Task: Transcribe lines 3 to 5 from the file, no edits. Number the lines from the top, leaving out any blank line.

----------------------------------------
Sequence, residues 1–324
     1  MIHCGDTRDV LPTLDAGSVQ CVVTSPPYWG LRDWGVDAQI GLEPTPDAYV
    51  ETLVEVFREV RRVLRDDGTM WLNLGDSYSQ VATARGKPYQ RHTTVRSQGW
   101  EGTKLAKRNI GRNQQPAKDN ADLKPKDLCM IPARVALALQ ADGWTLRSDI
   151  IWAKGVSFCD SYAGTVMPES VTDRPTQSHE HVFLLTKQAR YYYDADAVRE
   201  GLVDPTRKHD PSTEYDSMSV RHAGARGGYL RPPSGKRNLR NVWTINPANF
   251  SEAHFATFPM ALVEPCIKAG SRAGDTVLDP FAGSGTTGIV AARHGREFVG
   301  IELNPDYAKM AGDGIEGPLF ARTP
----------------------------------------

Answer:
    51  ETLVEVFREV RRVLRDDGTM WLNLGDSYSQ VATARGKPYQ RHTTVRSQGW
   101  EGTKLAKRNI GRNQQPAKDN ADLKPKDLCM IPARVALALQ ADGWTLRSDI
   151  IWAKGVSFCD SYAGTVMPES VTDRPTQSHE HVFLLTKQAR YYYDADAVRE